always clear, precise and very valuable, thank you
  • PM
    Paul M.
    6 November 2017 @ 10:05
    Nice ideas, enjoyed the talk, especially bits on demographics. Completely agree on interest rates, however, saying that DXY has "turned" by rallying 3 figs after dropping more than 10 is strange to me. Also, the H&S everywhere in FX? Really? It's one of the more common continuation patterns that's out there, especially when this pattern is highly visible. The big question is at what lvl Raoul is throwing in the towel on DXY trade? Is it 90? is it 87?
    • JL
      J L.
      6 November 2017 @ 22:08
      He has stated in the past that 93 would start to question his thesis and admittedly very nervous at 92, all based on historical max retracement of 10% in DXY bull markets
  • VS
    Victor S. | Contributor
    5 November 2017 @ 11:11
    Raoul you make a fair case - but please ponder the fact no one discusses “the trend of politics” ie the would is trending towards socialism sans Brexit ( which refuses to happen) and Trump who is being converted into a Neo-Con. Thereby they worlds debt is hyperbolically exploding. Since 1971 world debt is now 217 trillion$. That is a 12.1% compounded increase! Any weakness in debt creation cause the dollar to fall. This leads to hyperinflation. Death to the dollar and bonds. I would rethink your big picture? Victor
    • SS
      Sunil S.
      5 November 2017 @ 18:35
      Victor I am not so sure Raoul disagrees with you. I think the difference is relative dollar strength vs. absolute dollar strength. Even as the dollar loses purchasing power, you can still have flows into the dollar from other currencies. You are saying the former will happen, and Raoul is saying the latter will happen. I think you're both right.
    • MO
      Mike O.
      6 November 2017 @ 21:54
      I don't know what anyone's opinions of Martin Armstrong may be here on the RVTV discussion group, but from what I understand about him is that he has compiled the most extensive database of monetary history information of many (most? He may say "all", being as modest as he is). In any case, he has stated that the country with the reserve currency never experiences hyperinflation (which is what I think you mean by "fall"). The most compelling case (to me) is the Austrian theory of a "melt-up" in the dollar, pushing up to the 120 range as markets elsewhere suffer from a lack of confidence (or outright panic). Afterwards, who knows? (I'd love to see RVTV get some more historians and discuss what happens when markets collapse ... if prior collapses have anything to teach and if they can separate out what may be irrelevant in past crisis vis-a-vis what appears to be unfolding today ... which has many aspects, such as global debt levels and negative interest rates, that are totally unprecedented in world history).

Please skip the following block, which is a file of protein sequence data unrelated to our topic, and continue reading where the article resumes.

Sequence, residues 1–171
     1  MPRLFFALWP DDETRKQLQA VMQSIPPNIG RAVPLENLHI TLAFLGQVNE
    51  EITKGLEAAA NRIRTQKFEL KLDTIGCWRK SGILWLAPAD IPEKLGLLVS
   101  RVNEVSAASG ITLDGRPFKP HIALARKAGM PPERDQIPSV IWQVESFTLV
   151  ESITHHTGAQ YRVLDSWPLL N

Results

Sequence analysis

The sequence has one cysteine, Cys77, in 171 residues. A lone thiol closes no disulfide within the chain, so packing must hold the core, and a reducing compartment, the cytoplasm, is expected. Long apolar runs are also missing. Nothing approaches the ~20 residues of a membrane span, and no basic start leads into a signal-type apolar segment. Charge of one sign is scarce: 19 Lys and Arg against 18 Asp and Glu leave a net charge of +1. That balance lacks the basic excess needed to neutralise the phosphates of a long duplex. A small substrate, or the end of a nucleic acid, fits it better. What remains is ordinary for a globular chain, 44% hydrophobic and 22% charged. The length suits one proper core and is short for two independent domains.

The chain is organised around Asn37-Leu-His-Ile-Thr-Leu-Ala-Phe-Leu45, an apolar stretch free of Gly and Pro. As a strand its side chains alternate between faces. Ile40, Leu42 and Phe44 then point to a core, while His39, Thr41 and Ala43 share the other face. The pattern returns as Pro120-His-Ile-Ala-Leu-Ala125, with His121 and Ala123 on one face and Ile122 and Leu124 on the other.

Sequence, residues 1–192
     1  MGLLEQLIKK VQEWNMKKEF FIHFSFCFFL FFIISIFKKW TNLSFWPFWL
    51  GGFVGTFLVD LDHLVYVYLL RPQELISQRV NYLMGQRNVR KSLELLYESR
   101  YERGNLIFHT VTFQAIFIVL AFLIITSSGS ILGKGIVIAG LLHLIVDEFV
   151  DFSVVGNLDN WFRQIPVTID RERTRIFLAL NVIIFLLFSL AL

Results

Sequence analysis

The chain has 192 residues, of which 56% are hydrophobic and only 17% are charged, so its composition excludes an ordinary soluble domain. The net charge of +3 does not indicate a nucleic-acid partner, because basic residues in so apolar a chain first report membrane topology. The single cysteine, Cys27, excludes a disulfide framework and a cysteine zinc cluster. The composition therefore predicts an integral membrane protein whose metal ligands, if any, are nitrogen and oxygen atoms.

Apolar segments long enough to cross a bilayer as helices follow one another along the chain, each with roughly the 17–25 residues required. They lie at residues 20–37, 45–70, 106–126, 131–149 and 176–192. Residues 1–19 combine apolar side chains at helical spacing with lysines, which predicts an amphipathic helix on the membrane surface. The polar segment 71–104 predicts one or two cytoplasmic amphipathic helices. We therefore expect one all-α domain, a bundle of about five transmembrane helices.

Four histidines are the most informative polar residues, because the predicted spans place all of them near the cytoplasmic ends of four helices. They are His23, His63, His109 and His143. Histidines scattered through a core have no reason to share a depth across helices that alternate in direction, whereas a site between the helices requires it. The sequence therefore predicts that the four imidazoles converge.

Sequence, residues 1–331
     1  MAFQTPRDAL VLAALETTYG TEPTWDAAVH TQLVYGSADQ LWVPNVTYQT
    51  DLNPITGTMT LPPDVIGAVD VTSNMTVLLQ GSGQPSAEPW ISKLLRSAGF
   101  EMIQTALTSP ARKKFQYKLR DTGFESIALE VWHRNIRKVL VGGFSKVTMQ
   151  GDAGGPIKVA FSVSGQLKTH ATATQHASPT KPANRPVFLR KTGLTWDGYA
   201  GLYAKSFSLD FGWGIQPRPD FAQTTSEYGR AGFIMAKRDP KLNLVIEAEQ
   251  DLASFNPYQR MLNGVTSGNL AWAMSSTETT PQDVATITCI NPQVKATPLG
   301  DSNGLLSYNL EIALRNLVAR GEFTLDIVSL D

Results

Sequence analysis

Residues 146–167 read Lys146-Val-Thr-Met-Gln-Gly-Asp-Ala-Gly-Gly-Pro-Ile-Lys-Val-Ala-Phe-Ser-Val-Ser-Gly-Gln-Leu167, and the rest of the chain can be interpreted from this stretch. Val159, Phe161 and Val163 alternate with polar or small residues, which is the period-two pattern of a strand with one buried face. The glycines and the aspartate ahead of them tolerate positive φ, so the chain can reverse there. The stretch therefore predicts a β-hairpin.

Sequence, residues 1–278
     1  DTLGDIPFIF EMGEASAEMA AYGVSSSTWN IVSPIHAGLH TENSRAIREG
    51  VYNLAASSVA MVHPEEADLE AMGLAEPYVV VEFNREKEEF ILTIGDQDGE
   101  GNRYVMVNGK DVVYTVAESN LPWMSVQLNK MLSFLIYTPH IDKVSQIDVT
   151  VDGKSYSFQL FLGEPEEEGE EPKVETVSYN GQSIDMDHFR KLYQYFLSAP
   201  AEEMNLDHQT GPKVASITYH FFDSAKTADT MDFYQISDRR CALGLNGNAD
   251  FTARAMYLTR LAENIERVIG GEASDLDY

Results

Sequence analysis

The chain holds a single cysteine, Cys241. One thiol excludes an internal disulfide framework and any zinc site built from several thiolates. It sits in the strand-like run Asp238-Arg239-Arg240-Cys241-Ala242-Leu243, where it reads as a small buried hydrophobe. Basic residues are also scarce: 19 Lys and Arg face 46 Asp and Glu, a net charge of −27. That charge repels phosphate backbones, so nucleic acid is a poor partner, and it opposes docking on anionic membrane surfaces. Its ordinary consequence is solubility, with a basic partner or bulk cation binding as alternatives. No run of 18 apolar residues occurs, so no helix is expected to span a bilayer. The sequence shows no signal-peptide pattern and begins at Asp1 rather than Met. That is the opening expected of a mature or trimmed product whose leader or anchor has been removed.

• AS
    Abdul S.
    5 November 2017 @ 16:52
    Will we re-test the neck line on eurusd or dxy? Be a good place to short if it happens.
  • SD
    S D.
    2 November 2017 @ 23:33
    Could somebody please explain the difference between debt "jubilee" and debt "default?"
    • MO
      Mike O.
      3 November 2017 @ 18:09
      One sounds better than the other. The term will likely be used, when the time comes, and said by a politician during some interview or in some pronouncement who will also make it sound like they are doing all of us a favor by doing so (just like they do when they take our money to spend it on things ... but only those things that are in our best interests, of course).
  • JH
    Jesse H.
    2 November 2017 @ 10:53
    Brilliant - loved this...it's because of presentations like this that I signed up to RealVision. Thoughtful, articulate, carefully constructed analysis. Respectfully disagree with some of the chart analysis done and conclusions drawn. While it's very tempting to get into the mix right now, I just think there is way too much uncertainty out there right now to make short-term calls. And, perhaps most importantly, we are not in many of the G8 countries plus China dealing with a free market system anymore. We are dealing with (1) tightly controlled markets by an elite cadre of central banks and increasingly concentrated, larger players in the system; (2) misleading (frankly inaccurate) CPI metrics in the US and even other countries; and if that weren't enough, (3) we are probably closer to war in the US than at any time since the Cold War (and possibly even closer than then). Item (3) is based on a recent stay in the US where I had the luxury of travelling around the country and getting a sense for how things are going. Parts of the US feel like they're a tinderbox right now...with the prospects of civil conflict very high indeed and a more polarised society than at any time in my lifetime. Suffice it to say that I am deeply concerned about America, and therefore, about the prospects for political stability both in the US and abroad. Raoul's analysis is probably pretty solid if we're looking at a world of business as usual - the problem is that we are no longer in a business as usual case. We are staying down the barrel of conflict between the US and N. Korea and serious conflict with China as well which could impact US treasuries. There are simply too many higher probability exogenous events that can impact markets, and therefore, capital is at higher risk than usual. My view is - look at niche opportunities in markets somewhat isolated from the US / Europe / Japan / China, and look to invest in tangible, hard assets for now to retain some measure of stability and purchasing power in the odd times ahead.